All of those wonderfully progressive things you've experienced recently. ... They are all good things for you, but they are also all things that are distinctly part of the normal world. A world that is far less than what I want for myself... and far less than what I've had in the past. It is also far less than I know you're capable of.
Here's where I suppose I could defend myself, say that I've matured past the point of naive idealism, past wanting my life to be a bohemian novel or a poem or a love song. But you know what? He is absolutely right. I'm aware of what I want my life to be, and of the kind of person I want to be. I don't need to be Employee of the Month, or 300 days sober and speaking at high-school assemblies about drunk driving. I don't need to have some local reporter do a profile about me and all the community service I've done, I don't need to run a marathon or do yoga at sunrise every morning. (I'm starting to notice that I pick on "yoga at sunrise" a lot on this blog; hmm, a topic to explore another time, perhaps.)
That doesn't mean I'm going to up and leave my gig, not volunteer, start drinking too much again (I know he especially wouldn't want me to put the booze back in the trunk). I need to pay bills -- so I work. No publisher or literary agent or magazine editor is exactly clamoring to pay me to write short stories right now -- so I do boring stuff for cash. I need to stay alive, and for others on the road to stay alive, and I need to be healthy -- so I don't drink and drive, I don't bomb my liver into oblivion before so much as entering the front door of a club.
But I also need to live. Not follow some Martha Stewart, leather-bound, organized-with-color-coded-tabs itinerary of productive shit to do for each day... but live.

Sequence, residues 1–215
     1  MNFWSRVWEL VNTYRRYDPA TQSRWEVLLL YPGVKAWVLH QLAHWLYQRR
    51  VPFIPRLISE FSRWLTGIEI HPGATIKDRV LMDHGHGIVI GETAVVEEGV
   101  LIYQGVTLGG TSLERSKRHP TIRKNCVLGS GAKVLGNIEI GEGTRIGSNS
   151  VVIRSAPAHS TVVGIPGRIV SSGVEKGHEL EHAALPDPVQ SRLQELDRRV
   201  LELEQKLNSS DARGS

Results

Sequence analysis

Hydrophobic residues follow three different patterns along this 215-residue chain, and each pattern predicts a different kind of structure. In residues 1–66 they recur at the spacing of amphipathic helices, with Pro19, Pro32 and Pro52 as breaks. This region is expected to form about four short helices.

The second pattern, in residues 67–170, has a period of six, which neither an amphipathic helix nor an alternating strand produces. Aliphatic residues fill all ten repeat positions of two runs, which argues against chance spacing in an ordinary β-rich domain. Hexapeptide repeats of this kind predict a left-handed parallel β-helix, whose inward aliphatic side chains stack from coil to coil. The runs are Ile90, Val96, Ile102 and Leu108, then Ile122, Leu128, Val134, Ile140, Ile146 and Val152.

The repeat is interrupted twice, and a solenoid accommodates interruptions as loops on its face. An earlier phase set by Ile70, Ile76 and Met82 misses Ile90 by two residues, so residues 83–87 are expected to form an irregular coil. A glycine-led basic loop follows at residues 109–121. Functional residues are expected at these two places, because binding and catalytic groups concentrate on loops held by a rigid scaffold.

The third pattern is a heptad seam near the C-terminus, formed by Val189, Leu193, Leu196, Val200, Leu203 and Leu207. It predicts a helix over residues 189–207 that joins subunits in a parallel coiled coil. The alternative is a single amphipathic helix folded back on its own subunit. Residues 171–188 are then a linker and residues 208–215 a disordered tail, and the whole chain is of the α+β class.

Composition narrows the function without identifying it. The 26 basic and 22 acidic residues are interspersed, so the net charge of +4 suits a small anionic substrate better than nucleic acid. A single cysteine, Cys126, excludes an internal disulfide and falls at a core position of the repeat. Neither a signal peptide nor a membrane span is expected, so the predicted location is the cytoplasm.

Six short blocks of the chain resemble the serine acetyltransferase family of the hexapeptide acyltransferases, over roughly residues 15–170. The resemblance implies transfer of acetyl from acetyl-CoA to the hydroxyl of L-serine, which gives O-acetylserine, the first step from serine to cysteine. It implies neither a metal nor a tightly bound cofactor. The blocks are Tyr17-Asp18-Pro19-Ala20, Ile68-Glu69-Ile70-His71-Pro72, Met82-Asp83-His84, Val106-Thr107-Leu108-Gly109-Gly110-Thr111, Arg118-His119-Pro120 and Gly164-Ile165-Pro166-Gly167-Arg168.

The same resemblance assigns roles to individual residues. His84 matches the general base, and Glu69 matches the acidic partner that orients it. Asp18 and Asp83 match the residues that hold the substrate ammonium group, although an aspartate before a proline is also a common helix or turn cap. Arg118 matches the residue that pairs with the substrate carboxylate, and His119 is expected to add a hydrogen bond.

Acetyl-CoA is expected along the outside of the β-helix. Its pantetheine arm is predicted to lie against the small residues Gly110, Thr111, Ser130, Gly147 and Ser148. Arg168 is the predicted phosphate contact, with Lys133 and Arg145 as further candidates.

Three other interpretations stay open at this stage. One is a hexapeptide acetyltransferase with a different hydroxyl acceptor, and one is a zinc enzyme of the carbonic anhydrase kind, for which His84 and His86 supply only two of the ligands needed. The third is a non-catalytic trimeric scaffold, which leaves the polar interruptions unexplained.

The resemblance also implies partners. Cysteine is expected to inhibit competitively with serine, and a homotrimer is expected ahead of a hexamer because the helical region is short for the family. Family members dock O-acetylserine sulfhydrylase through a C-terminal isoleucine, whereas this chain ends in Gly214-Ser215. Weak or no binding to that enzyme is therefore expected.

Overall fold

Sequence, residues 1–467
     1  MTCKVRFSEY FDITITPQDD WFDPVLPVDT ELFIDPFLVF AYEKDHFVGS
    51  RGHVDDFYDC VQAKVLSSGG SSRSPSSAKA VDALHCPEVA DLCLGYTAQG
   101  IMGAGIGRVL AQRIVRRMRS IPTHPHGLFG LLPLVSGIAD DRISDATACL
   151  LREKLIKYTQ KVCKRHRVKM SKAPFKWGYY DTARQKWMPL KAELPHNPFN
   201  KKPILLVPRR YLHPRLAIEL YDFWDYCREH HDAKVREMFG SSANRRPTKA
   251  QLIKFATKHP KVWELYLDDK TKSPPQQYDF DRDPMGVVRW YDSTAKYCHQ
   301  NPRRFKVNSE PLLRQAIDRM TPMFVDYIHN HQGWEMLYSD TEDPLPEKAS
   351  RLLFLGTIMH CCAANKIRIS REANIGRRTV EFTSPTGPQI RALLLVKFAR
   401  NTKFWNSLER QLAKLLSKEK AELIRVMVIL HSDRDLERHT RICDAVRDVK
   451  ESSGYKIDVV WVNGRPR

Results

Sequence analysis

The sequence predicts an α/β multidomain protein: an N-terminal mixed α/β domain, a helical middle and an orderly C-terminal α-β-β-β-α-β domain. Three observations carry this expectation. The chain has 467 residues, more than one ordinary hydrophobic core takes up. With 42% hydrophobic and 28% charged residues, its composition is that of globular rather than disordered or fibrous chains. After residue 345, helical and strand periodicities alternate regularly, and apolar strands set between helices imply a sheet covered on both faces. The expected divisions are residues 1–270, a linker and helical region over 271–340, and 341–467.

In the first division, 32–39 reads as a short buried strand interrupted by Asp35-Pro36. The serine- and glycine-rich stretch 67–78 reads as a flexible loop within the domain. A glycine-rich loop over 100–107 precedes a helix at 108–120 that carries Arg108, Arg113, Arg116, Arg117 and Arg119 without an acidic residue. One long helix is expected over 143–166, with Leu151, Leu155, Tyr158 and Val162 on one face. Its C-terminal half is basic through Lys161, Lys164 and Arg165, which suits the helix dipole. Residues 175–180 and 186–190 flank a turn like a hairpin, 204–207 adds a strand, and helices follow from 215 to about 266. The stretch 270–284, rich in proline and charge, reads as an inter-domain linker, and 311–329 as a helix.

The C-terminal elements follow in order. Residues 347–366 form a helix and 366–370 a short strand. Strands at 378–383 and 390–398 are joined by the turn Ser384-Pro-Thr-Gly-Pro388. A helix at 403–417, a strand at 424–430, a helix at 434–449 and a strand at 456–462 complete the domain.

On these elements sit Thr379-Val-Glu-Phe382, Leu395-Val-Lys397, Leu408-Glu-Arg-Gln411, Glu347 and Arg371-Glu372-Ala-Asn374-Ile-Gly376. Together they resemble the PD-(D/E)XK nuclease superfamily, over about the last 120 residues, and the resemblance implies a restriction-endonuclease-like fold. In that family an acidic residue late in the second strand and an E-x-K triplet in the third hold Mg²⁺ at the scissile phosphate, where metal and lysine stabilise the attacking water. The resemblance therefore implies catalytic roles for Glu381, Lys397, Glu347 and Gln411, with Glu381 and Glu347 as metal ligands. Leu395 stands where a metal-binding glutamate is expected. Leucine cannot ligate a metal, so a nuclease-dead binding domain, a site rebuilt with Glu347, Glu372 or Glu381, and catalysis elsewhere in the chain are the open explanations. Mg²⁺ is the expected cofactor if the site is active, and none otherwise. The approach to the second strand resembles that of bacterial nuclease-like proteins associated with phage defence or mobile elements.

You know when you hear some old song, and it reminds you of some crazy late-night adventure, of someone you loved even though you knew it was stupid, of some hijinks you got up to with now-long-lost friends, of standing in some exotic foreign place or surrounded by dramatic landscape, standing by the ocean or on a rooftop or driving out on the open road -- and you get that swelling in your heart? The kind of life I want is one filled with moments like that.
There were times in my life when was I was barely alive. For example: When I lived with my manic-depressive then-boyfriend in a ghetto one-bedroom apartment and had a boring-to-me (yet quasi-prestigious) job with the marketing department of a software company, living without romantic love or sex in a $1,200-a-month cubbyhole a stone's throw from where I was born and grew up.
I think most of us know it when we're living versus not living, i.e. breathing but not living, with italics.
I'm not saying that in order to live with italics I need to time travel back to San Francisco or Greenwich Village in the 1960s or something, or be a hobo and ride the rails, or a crack whore with a hell of an autobiography to tell. What actually matters isn't the details so much as just how you live it.
I can live a full and richly textured life, or a pallid and wan one, or a middle-of-the-road one, or a whatever one -- but whatever kind of life it is, I need to take that experience and turn it into words. Words that will help people or, at the bare minimum, help them feel less alone. I need to make deep and meaningful emotional connections, and cherish the ones that I've been lucky enough to stumble into during this short life that I've been given miraculously, improbably, inexplicably -- and I need to let them resonate, reverberate, shake me awake. I need to have moments of sublimely heightened experience, of abysmal and crushing despair, of tedious monotony, of obscenity-sputtering stress -- and take those moments, all of them, good and bad and so-so and holyfuckingshit, and turn them into art.
In order for me to be living the kind of life that I want to live, I need to do that -- because no matter what, I will always be a writer. Even if I never dig out of the hole that this blog is named for. And even if I do; even if I win goddamn Employee of the Month -- I'm still a writer. That fact is immutable.